Monthly Archives: August 2011

The recent Supreme Court of Queensland decision of Walton Construction (Qld) Pty Ltd v Corrosion Control Technology Pty Ltd & Ors [2011] QSC 67 (Walton) has a significant impact on a claimant’s right to pursue payment under the Building and Construction Industry Payments Act 2004 (Qld) (BCIP Act) following the termination of a construction contract. It had previously been accepted in Queensland that, in accordance with the decision in New South Wales in Brodyn Pty Ltd v Davenport (2004) 61 NSWLR 421 (Brodyn), monthly reference dates under a construction contract continue to accrue for 12 months after the cessation of work, notwithstanding termination of the contract. That is, despite termination of the contract, a claimant may still serve a payment claim and proceed to adjudication under the BCIP Act. However, the decision of Justice Peter Lyons in Walton, which turns on the interpretation of both a clause that is common to standard form Australian construction contracts and the definition of ‘reference date’ under the BCIP Act, confirms that claimants may no longer have recourse to the BCIP Act following the termination of a contract. The decision has important consequences for claimants and respondents.

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The ACCC has recently been given new investigative powers to issue franchisors with what broadly can be described as an “audit notice” to compel production of documents. Read on to find out how this affects you.

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Under the Personal Property Securities Act 2009 (Cth) (PPSA), a new personal property securities regime will commence in October 2011. This new personal property securities regime is expected to have a significant impact on energy and resources projects and standard contractual arrangements.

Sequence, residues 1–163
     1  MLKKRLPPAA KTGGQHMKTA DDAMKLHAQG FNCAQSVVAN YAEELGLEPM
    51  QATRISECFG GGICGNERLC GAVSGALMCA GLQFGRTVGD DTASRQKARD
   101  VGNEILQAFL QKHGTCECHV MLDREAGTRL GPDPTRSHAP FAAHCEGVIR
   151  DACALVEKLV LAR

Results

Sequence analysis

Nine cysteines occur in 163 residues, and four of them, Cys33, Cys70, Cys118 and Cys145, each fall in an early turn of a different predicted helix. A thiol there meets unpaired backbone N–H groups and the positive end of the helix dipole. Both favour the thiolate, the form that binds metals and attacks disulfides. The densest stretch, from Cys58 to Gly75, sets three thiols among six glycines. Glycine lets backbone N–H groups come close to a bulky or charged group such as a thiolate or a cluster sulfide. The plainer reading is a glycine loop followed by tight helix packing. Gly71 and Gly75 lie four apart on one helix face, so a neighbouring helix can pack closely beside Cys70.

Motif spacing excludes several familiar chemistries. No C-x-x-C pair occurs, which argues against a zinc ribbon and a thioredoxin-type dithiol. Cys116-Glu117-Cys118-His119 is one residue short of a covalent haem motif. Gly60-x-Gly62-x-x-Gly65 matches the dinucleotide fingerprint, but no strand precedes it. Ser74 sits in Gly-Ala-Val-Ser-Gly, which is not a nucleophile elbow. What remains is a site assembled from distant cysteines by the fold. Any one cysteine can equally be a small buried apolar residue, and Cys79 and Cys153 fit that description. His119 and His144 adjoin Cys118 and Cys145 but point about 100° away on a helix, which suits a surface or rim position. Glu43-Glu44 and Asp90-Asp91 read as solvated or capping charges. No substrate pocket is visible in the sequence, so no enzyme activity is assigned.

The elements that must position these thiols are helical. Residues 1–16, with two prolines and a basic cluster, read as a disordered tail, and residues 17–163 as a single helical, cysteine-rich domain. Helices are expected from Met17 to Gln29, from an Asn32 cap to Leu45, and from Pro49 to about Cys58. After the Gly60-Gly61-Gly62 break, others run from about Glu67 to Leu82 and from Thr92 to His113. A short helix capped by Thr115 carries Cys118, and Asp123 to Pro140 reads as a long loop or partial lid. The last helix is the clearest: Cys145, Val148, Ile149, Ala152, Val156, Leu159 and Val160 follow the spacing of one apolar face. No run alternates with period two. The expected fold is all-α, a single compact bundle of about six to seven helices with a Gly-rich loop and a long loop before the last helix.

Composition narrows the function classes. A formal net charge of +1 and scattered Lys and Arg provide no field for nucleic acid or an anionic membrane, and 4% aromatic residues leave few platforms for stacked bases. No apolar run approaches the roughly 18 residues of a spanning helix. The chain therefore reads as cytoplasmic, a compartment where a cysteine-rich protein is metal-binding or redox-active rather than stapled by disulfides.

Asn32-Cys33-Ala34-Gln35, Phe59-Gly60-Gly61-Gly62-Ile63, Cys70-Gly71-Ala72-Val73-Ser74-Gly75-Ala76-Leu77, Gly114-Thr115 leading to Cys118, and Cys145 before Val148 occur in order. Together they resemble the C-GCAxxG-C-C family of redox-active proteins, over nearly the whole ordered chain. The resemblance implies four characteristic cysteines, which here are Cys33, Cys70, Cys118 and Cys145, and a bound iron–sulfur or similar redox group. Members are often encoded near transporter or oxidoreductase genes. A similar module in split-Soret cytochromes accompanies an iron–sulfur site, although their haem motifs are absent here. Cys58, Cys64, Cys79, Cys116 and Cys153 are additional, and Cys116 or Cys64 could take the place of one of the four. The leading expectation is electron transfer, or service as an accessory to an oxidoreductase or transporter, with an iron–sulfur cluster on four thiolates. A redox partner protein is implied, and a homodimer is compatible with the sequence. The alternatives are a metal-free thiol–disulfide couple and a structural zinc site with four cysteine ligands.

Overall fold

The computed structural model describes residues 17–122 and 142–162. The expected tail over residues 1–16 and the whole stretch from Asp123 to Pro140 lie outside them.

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The case of O’Keefe v William Muir’s Pty Ltd trading as Troy Williams The Good Guys highlights an increasing trend, recognised in Fair Work Australia decisions, that ‘the separation between work and home is now less pronounced that it once used to be.’

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On 18 August 2011, the NSW Government released for comment a draft State Environmental Planning Policy (State and Regional Development) 2011 (SEPP) to give effect to the Government’s previously released policy statements once Part 3A is repealed. The public is invited to make submissions in relation to the draft SEPP by 2 September 2011.

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The Supreme Court of Queensland was recently asked to determine whether a part of an adjudication decision, made under the Building and Construction Industry Payments Act 2004 (Qld) (BCIPA), which was found to be invalid for jurisdictional error, could be severed from the rest of the decision. The Court in James Trowse Constructions Pty Ltd v ASAP Plasterers Pty Ltd & Ors [2011] QSC 145 (Trowse) found that the common law doctrine of severance did not apply, and accordingly there was no mechanism available to sever that part of an adjudication decision infected by jurisdictional error from the remainder of the decision. As a result, the entire decision was set aside by the Court. This position is different to the position adopted in other states such as Victoria. Accordingly, a party in Queensland issuing a payment claim should ensure that all parts of its claim are valid to prevent the ultimate adjudication determination being set aside, particularly where the vast bulk of the claim has succeeded. Further, adjudicators should be vigilant in critically reviewing payment claims and adjudication applications and excising out invalid parts, or suffer the consequence of their entire decisions being set aside.

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Changes to accommodation bonds under the Aged Care Amendment Act 2011 (Cth) The government has introduced significant changes regarding permitted uses for accommodation bonds under the Aged Care Amendment Act 2011 (Cth) which received Royal assent on 26 July 2011.

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